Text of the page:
For some businesses, installing a dedicated server is an ideal solution that can balance the IT workload. Access to shared resources on a single device often benefits the entire organization by eliminating redundancy. A network server is purpose built with efficiency and reliability in mind to keep your business running at full capacity. By pooling resources for everyone to use, work is evenly shared and centrally available to prevent bottlenecks in the system. Reduced network loads, improved efficiency, and faster transfer speeds mean that higher productivity becomes the new normal.
Moving resources to the cloud can work for many businesses too. Where high speed, low-cost internet services are available, moving your work online can be a highly cost-effective solution. Software packages such as Xero, Quickbooks and MYOB offer finance and accounting packages operating in the cloud. Suites such as Microsoft Office offers services for creating and sharing documents through cloud resources. Both packages eliminate the need for many of the network operations that we use every day.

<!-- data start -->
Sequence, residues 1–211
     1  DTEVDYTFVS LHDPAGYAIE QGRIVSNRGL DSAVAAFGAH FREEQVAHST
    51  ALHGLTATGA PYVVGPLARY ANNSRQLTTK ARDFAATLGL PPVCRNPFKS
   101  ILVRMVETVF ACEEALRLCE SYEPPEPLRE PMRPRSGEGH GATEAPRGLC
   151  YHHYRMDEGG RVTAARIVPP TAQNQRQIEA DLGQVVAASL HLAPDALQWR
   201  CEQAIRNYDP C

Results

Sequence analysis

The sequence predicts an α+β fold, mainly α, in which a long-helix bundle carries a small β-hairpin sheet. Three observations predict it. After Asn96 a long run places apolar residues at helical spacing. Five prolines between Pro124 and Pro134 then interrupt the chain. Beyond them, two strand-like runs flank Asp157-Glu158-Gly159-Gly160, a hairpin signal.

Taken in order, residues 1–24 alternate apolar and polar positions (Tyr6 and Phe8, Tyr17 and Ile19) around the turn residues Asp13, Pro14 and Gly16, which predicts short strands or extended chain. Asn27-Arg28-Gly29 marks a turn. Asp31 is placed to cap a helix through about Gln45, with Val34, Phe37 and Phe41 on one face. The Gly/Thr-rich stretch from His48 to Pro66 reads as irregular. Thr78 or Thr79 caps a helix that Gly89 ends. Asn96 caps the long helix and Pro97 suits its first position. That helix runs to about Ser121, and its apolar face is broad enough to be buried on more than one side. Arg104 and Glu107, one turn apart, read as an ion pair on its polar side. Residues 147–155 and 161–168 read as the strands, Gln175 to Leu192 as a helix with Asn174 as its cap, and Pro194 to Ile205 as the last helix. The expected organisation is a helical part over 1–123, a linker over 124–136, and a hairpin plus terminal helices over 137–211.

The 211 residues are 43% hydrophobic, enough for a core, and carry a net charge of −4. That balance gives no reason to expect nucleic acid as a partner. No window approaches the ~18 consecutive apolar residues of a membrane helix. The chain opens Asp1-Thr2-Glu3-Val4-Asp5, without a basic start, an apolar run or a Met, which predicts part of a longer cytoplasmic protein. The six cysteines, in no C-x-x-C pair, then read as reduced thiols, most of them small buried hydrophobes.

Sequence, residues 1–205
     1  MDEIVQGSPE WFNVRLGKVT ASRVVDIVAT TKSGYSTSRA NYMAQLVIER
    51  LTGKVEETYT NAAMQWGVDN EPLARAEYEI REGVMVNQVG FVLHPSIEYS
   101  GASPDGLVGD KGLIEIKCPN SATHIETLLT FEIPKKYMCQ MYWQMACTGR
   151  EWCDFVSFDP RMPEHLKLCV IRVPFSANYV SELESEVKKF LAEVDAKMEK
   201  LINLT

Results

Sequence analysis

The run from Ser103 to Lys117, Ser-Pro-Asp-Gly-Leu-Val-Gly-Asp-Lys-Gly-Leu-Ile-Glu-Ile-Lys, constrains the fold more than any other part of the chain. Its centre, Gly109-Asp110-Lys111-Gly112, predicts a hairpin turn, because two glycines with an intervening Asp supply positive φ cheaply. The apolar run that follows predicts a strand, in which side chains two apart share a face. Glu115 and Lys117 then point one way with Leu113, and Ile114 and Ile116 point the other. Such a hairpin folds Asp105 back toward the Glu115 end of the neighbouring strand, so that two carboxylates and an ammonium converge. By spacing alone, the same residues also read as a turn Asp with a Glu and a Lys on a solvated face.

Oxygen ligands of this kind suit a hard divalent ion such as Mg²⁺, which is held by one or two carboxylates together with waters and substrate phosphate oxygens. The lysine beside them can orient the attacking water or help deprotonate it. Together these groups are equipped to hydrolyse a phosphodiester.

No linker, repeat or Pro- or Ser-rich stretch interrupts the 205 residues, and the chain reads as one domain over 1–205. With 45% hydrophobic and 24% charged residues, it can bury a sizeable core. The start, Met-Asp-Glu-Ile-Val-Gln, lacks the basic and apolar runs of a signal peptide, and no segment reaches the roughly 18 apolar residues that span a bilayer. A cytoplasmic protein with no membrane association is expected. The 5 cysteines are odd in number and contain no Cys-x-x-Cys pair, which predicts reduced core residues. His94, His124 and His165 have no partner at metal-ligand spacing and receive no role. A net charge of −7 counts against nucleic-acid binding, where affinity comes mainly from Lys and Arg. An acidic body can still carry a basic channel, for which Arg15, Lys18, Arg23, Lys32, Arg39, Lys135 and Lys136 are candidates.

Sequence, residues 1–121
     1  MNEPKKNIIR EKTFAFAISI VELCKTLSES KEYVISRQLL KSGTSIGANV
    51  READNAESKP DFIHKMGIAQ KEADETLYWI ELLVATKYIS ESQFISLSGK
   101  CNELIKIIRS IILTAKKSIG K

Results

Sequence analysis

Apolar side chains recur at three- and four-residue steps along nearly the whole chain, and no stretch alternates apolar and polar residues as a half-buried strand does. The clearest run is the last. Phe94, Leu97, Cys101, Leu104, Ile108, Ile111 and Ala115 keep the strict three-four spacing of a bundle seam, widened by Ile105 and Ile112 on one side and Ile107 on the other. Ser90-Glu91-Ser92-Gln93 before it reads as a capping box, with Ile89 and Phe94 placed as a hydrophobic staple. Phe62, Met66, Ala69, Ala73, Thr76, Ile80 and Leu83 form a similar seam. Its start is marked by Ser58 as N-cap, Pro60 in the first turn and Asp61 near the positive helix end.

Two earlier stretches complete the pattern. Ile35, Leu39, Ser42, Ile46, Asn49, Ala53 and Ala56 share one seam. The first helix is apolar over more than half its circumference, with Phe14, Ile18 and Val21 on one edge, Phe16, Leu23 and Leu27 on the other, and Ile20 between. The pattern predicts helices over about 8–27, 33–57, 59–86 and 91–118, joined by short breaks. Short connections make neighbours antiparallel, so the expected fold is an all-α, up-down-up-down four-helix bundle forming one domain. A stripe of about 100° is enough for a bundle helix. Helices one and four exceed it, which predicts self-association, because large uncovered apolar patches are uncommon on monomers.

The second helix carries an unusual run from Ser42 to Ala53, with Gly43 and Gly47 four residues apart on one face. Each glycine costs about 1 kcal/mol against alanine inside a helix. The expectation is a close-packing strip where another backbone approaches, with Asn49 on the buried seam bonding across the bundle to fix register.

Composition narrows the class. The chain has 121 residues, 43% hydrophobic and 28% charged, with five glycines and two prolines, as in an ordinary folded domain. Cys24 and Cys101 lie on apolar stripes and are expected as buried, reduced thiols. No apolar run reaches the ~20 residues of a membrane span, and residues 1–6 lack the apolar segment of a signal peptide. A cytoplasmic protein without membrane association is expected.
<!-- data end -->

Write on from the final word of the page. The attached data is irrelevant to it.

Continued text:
For many applications such as Quickbooks huge databases sometimes gigabytes in size are required. It is these types of applications where the advantage of the cloud becomes clear. To use this locally, a super fast network and server are needed where as in the Cloud this is all handled by the software provider and only require a simple web page interface for each user. Instantly, looking up finances and editing documents becomes as simple as checking your email. With services moved to the cloud, purchase cost and maintenance of expensive local network hardware are reduced too.
A complete network solution that works to make the most out of all the available resources is unique to every business. Only a tailored solution to address your network needs will increase your productivity.
If you are located in Adelaide, South Australia and your IT is starting to get in the way of your business and your network is running too slow, give us call at 08 8326 4364 and we will see what we can do.